|1951 Bowman #37|
I've shown this card before, but really didn't talk too much about Horace Gillom. This copy from the TCDB is in better condition than mine, but my copy is in good enough shape for me.
Horace Gillom was a fascinating player. He played for Paul Brown at Massillon High School, followed him to Ohio State, and then joined him again with the AAFC Browns in 1947 after his stints in the Army and at the University of Nevada. At every level, Paul Brown wanted the best players regardless of race, and Gillom was the third black player to join the Browns, after Marion Motley and Bill Willis in the team's inaugural 1946 season. (The Browns in the AAFC, and the LA Rams in the NFL, were the first two professional football teams to integrate pro football in 1946.)
During his Browns career, Gillom played at End on both offense and defense, and also punted for the team. He played for the Browns from 1947-56, and when he finished his career, his NFL average punting distance of 43.8 yards was second all-time behind Sammy Baugh's 45.1 average.
In looking up information about him, I came across a book that I'll have to buy (and have since bought), Andy Piascik's "The Best Show in Football: The 1946-55 Cleveland Browns". In it there is a passage that talks about how Gillom helped revolutionize punting. He stood further back than most punters, and that, along with his accurate directional punting, he pretty much introduced the element of hang time to punting.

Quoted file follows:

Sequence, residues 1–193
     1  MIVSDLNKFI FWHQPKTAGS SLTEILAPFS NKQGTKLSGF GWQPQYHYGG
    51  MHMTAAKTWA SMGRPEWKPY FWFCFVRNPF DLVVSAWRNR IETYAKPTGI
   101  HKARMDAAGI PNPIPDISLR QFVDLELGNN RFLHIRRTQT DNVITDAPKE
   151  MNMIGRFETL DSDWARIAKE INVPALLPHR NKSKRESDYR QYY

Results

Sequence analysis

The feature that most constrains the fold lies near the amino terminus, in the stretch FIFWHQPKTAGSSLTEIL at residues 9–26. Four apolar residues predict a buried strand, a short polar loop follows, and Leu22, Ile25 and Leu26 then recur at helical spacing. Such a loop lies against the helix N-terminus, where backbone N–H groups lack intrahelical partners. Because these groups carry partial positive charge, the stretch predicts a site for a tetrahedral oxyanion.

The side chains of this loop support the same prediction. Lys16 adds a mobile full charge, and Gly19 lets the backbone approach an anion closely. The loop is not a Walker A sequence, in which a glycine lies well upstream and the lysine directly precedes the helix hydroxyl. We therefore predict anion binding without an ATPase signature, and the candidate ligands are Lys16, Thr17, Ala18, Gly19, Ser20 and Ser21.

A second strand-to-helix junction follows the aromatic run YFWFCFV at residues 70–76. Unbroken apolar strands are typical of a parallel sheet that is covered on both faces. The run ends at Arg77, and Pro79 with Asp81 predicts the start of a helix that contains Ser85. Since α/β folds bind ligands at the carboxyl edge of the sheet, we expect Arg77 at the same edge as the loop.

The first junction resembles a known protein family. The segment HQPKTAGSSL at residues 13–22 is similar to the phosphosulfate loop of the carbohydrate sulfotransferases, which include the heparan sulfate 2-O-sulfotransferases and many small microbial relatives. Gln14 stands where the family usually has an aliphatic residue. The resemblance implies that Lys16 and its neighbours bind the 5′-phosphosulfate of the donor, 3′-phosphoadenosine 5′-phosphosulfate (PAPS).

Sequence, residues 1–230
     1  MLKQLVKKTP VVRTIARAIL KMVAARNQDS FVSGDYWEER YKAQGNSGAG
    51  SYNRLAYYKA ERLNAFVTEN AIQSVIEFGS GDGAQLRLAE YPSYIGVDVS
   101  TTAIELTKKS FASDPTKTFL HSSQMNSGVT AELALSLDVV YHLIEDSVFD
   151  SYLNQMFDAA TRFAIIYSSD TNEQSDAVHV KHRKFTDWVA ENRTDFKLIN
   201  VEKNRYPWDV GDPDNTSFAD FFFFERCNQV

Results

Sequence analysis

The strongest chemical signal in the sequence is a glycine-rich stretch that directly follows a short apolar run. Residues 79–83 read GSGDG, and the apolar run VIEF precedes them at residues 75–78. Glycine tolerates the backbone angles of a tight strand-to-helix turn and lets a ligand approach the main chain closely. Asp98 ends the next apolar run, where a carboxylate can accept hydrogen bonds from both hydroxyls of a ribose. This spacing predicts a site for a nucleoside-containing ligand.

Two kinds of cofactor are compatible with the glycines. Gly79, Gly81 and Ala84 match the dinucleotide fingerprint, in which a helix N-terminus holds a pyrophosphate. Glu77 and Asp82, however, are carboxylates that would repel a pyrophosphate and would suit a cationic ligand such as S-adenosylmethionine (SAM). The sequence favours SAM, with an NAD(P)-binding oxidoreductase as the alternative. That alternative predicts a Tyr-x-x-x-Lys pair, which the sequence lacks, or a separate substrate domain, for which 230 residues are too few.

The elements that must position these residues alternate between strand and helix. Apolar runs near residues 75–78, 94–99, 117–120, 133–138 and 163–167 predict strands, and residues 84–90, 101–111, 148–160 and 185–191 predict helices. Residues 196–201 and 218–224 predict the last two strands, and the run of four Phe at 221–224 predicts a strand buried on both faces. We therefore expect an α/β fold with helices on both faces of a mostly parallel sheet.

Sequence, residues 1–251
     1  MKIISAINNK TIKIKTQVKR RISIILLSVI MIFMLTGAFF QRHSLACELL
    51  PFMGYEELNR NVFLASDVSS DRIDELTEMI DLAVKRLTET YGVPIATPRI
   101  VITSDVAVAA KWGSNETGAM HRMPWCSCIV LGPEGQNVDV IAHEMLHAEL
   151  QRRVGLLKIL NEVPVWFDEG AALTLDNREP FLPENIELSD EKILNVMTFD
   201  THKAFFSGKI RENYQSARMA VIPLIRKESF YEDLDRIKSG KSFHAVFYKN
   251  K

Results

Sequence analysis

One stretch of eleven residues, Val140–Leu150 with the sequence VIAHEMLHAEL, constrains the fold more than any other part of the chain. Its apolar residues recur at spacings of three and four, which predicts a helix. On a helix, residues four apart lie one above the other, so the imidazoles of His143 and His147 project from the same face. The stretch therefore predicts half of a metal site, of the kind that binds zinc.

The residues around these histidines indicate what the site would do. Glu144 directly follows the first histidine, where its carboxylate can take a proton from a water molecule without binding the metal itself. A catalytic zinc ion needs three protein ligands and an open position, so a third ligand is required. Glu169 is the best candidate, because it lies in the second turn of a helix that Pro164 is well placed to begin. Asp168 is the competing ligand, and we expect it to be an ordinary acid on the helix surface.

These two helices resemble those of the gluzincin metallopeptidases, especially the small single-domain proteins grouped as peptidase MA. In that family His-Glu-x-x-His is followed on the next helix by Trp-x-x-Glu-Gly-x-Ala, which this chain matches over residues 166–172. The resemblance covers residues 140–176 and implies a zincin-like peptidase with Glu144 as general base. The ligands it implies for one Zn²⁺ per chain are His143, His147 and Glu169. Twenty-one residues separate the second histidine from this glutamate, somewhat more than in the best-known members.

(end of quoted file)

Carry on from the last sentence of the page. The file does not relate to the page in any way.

Horace Gillom died in Los Angeles, at the age of 64, of a heart attack suffered while working as a security guard at a hospital. He was named to the Browns Legends in 2007.
Along with this card, there is a Horace Gillom card in the 1953 Bowman set that I need to acquire.
|1991 Score #124|
Although this card says Tony Blaylock, his Pro Football Reference page, his Wikipedia page and following football cards that were made of him all refer to him as Anthony Blaylock.
Blaylock was a fourth round draft pick of the Browns, out of Winston-Salem State University, in the 1988 NFL Draft. He played with the Browns through five games into the 1991 season when he was placed on injured reserve with a rotator cuff injury. He was picked up by the Chargers on waivers later in the 1991 season, and played with San Diego through the 1992 season before finishing his career with the Chicago Bears in 1993.
This is the only Anthony Blaylock card on the Trading Card Database that shows him as a Cleveland Brown.
|1999 Giant Eagle Cleveland Browns #14|
Lomas Brown is probably best remembered as a left tackle blocking for Barry Sanders with the Detroit Lions. Brown was the Lions first round pick, number six overall, of the 1985 NFL Draft. He played with the Lions from 1985-95, making the Pro Bowl with them from 1990-95.
After the 1995 season, Brown signed a three year, nine million dollar with the Arizona Cardinals, and made the Pro Bowl with them during the first season of that contract.
Lomas Brown signed a free agent deal with the Browns to join their 1999 expansion team. He only played one season with the Browns before moving on to the New York Giants for the 2000-01 seasons, and the Tampa Bay Buccaneers for their 2002 Super Bowl winning season to conclude his eighteen season career.